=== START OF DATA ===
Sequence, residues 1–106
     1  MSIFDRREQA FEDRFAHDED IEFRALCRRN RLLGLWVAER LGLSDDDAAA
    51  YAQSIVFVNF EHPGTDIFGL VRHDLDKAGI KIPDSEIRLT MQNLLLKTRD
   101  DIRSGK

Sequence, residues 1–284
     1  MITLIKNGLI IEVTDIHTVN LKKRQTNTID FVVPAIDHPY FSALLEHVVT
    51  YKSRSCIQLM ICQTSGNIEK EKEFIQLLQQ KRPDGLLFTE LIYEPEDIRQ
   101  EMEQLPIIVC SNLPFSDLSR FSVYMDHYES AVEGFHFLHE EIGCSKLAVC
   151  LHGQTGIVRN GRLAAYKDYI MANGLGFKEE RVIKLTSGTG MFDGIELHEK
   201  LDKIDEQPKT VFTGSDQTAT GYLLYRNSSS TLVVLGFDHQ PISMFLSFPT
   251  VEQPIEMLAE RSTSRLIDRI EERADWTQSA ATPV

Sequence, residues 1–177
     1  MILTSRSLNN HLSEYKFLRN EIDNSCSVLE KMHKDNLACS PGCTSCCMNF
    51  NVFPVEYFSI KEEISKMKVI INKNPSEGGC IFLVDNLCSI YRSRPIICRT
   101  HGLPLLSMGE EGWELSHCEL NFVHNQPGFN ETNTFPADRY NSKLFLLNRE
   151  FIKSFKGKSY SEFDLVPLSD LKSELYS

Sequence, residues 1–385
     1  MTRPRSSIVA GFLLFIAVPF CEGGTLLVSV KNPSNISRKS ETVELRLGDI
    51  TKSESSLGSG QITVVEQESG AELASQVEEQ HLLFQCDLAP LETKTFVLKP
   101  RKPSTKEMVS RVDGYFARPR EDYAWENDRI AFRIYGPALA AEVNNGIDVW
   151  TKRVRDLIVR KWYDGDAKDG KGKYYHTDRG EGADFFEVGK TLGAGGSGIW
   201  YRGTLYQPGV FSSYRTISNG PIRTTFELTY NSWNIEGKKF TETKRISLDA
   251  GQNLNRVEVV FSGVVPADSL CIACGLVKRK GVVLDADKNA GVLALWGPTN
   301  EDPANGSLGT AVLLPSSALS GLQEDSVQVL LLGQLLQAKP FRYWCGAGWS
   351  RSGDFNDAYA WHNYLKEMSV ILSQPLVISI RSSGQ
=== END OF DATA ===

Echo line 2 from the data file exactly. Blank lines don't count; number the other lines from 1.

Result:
     1  MSIFDRREQA FEDRFAHDED IEFRALCRRN RLLGLWVAER LGLSDDDAAA